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Hulen Pointe Shopping Center sold

Hulen Pointe Shopping Center, located in southwest Fort Worth on South Hulen Street one mile south of Hulen Mall, has been purchased by Addison-based Bo Avery with TriMarsh Properties for an undisclosed price.

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Fort Worth's TPG takes controlling interest in Hollywood, sports powerhouse

A Fort Worth firm has gone Hollywood.

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Downtown Fort Worth TIF reaches parking agreement with four garages

The TIF board will meet Oct. 29 to consider the agreements.

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Oil price drop goes unnoticed in Texas' Eagle Ford shale

CUERO, Texas — From her vantage point of the U.S. shale oil boom, Jill Potts doesn't see anything to worry about.

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Renovated Daniel-Meyer to put TCU basketball in the spotlight

You might say the Texas Christian University men’s basketball team was the sacrificial lamb in the university’s football-motivated move from the Mountain West Conference to the Big 12 Conference. The rising

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TECH Fort Worth presents local technology awards

 

Three emerging companies with prospects of new technology that could better the world were winners at the fifth annual TECH Fort Worth IMPACT awards announced May 15.
The awards – designed to increase awareness about entrepreneurial activity in North Texas – were presented at a luncheon on the campus of Texas Christian University. The awards are granted to early-stage businesses commercializing innovative products or services that will have a significant impact on the environment, health care and on the community.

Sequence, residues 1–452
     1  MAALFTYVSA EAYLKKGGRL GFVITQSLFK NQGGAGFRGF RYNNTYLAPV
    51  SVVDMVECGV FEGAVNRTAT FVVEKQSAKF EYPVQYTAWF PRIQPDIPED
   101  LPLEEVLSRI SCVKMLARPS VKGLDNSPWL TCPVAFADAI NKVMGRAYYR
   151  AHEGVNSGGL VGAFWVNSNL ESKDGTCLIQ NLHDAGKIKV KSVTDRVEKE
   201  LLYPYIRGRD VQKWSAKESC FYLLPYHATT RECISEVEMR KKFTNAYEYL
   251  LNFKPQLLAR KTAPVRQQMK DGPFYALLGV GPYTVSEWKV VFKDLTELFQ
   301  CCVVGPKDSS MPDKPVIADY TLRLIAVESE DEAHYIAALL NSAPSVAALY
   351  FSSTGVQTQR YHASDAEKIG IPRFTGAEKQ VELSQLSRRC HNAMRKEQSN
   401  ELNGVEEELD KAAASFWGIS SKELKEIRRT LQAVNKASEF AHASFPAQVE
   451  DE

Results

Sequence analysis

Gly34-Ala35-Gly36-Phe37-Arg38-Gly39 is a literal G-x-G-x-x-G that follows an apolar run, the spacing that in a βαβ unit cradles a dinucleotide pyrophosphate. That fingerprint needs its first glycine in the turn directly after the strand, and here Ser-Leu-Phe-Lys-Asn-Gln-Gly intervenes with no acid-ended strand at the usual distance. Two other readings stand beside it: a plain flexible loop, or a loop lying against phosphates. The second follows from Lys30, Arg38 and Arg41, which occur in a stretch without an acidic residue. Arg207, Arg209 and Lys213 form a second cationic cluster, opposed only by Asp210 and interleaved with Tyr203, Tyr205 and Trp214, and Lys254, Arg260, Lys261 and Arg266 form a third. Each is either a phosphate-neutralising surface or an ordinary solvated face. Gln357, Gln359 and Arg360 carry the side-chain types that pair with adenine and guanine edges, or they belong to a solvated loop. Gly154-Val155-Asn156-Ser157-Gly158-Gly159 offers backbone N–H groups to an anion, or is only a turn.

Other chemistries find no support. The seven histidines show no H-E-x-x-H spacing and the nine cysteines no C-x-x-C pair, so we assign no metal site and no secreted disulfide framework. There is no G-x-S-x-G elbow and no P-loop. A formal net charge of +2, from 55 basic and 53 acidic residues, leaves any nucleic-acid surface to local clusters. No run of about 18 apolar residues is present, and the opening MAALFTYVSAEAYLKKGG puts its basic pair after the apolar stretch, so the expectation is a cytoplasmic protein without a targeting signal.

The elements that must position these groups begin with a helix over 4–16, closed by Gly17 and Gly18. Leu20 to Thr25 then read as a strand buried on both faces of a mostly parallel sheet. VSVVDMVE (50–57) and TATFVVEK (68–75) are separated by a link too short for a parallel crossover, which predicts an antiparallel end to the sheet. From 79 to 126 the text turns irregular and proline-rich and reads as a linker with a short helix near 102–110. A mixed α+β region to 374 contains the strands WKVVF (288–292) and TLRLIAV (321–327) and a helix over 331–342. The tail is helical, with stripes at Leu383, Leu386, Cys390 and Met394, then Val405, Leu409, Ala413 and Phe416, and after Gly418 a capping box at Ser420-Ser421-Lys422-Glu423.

The IMPACT Awards also raises funds to support business incubation programs for technology-based entrepreneurs.
“I am always amazed at the ingenuity and courage of entrepreneurs like those who apply for the IMPACT Awards,” said TECH Fort Worth Executive Director Darlene Ryan. “It is a special privilege to work with these company founders, helping them to hone their messages to the world.”
Keynote speaker for the awards luncheon was Jasper Welch, the new chief executive officer and president of the National Business Incubation Association, who spoke about the importance of entrepreneurs and startup enterprises.
Welch told the crowd of about 350 that “company creation equals job creation. And company creation means innovation creation.”
“Entrepreneurs can be (somewhat crazy). But those crazy people come up with successful ideas,” he said.
He added that the success rate of incubation graduates three years later is 87 percent.
“Some of them are doing amazing things,” he said. “Go meet some of them and invest in their companies.”
Pulsar Energy won in the energy/environment category for its technology to harness the power of the sun. Its systems provide a modular and scalable solution for any size distributed power generation. Pulsar’s patented Concentrated Solar Power technology can reach an estimated 4.5 cents/kWh without incentives, a cost typical of fossil fuel-based systems.
The other finalists were AutoEvolve and iLumi.
Student Success Academy won in the community category. SSA is an elite, virtual success-consulting agency that pairs high school students with top-tier college students for guidance in college, career and life. High school students gain confidence in their future, recognize their passions, identify college and career options, hone important skills and develop a personalized plan focused on their aspirations.
The other finalists were Create Labs and Inception Lighting.
Applied Regenerative Technologies, which focuses on restoring nerve function after trauma, tumor resection or neurological disease, won in the health category. Its products are bio-engineered to control the regeneration of nerves and were developed by a coordinated effort between physicians and scientists to improve the clinical outcomes for hundreds of thousands of patients per year around the world.
The other finalists were eMist and MedHab.
The finalists were selected by three panels of judges from the 24 presenters during “Pitch Days” hosted March 26-April 4. Pitch Day hosts were Sabre Holdings, University of Texas at Arlington Research Institute and University of North Texas Health Science Center.
 

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